Apps Apps Apps
For several years now we have been looking for a way to make appropriate use of mobile phones to deliver interpretation material.
Smart phones really kicked off with the launch of the first iPhone in 2007 and the market has now matured with very capable handsets available for little over £100. They are becoming ubiquitous especially amongst younger people with estimates of 80% of 20 to 30 year olds having one and even 50% of 50 to 60 year olds. The phones are used for texting, social media, photography, shopping, general browsing, gaming … and even making calls!
Although the penetration of smart phones presents an opportunity for enhancing visitor experiences and attracting new visitors there are major challenges.
The technical landscape is quite heterogeneous. It is dominated by Android and iOS (Apple) devices but there are a plethora of different software versions, and hardware form factors. This is especially so as the market is only just reaching maturity. A three year old phone might well lack the ability to run the latest version of an operating system even if the user wanted or knew how to upgrade.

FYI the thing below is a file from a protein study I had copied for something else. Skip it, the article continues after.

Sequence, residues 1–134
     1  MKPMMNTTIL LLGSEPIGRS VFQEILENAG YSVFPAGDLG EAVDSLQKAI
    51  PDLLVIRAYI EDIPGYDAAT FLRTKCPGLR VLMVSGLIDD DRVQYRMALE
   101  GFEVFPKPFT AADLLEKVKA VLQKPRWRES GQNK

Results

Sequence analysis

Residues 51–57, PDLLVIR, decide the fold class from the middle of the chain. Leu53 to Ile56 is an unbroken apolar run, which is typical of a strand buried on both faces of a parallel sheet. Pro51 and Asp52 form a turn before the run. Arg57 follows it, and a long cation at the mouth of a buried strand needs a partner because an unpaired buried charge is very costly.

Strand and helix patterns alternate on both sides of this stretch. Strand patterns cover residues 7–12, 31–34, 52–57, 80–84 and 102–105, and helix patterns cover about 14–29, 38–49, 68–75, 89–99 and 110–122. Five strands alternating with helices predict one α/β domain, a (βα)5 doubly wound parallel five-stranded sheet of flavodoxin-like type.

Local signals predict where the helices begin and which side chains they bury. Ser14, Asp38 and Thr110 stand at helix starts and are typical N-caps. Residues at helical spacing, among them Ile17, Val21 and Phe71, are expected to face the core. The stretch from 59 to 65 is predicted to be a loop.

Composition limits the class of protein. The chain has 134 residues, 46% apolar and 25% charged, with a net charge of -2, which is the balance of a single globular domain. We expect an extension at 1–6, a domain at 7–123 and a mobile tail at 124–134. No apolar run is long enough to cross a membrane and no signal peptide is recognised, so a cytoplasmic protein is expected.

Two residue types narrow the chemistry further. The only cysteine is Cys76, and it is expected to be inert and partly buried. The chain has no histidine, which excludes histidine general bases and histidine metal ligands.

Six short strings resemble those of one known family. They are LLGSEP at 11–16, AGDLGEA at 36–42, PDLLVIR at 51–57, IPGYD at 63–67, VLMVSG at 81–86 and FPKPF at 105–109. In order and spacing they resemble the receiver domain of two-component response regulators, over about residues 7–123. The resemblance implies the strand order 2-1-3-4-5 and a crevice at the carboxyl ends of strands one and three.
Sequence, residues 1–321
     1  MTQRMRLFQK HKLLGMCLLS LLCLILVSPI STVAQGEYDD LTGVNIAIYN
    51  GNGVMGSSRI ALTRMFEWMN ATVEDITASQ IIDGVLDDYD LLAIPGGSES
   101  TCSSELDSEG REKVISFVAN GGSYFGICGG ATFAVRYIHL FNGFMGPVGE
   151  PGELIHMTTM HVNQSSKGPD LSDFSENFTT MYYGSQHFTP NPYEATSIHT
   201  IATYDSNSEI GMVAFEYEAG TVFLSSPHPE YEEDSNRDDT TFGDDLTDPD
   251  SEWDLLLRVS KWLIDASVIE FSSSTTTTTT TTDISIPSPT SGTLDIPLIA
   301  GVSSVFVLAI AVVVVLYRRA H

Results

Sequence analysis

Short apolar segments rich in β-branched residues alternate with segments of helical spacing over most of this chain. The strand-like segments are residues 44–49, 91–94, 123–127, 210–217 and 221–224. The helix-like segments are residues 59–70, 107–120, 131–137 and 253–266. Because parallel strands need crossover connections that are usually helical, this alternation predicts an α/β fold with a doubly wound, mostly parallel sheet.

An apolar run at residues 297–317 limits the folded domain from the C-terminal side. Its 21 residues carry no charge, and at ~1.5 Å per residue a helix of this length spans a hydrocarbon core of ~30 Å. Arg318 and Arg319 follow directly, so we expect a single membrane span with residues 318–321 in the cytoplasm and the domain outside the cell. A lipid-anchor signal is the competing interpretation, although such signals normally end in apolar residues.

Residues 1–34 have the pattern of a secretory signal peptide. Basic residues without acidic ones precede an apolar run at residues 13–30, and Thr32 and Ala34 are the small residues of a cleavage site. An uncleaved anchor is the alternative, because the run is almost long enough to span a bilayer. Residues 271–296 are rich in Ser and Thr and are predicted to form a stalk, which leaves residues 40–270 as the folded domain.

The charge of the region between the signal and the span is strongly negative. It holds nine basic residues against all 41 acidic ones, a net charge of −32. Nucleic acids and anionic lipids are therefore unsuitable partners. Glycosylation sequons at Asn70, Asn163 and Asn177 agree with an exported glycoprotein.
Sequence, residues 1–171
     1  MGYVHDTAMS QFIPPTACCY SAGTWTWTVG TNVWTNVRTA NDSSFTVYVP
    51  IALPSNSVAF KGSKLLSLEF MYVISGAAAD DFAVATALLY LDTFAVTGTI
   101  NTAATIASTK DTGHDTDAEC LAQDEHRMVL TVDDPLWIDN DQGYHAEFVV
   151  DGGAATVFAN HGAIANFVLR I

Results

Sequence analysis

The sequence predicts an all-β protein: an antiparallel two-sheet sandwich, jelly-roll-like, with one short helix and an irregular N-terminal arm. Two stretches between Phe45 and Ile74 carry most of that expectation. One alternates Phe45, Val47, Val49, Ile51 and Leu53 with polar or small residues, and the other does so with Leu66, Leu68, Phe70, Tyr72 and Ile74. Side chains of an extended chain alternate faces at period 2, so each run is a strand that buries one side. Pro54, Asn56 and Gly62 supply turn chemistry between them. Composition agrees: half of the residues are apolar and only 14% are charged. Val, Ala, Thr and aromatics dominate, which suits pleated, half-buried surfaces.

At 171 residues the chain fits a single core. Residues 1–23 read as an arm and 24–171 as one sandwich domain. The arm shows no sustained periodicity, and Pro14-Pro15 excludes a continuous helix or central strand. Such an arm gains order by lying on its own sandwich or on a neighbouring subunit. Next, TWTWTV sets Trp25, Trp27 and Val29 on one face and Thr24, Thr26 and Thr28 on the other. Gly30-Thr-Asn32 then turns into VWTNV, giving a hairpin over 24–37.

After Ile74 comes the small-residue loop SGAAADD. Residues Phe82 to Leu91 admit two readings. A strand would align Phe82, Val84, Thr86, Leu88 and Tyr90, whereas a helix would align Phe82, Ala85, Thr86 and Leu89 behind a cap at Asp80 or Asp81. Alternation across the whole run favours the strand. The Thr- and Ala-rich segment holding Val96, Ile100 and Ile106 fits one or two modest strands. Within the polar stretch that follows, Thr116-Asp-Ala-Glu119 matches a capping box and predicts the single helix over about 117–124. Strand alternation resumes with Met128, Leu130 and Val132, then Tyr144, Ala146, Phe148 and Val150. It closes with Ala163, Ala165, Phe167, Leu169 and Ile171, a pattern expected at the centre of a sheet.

Hype is still present. Although successful applications do a single task, especially at launch, there is still a temptation to try and create an app that does it all; builds a community, integrates with social media, sell things etc etc. Brainstorming meetings can lead to the invention of the an un-implementable mess.
The social landscape is also heterogeneous. A teenager will use a phone very differently from her parents.
Classic Audio Tours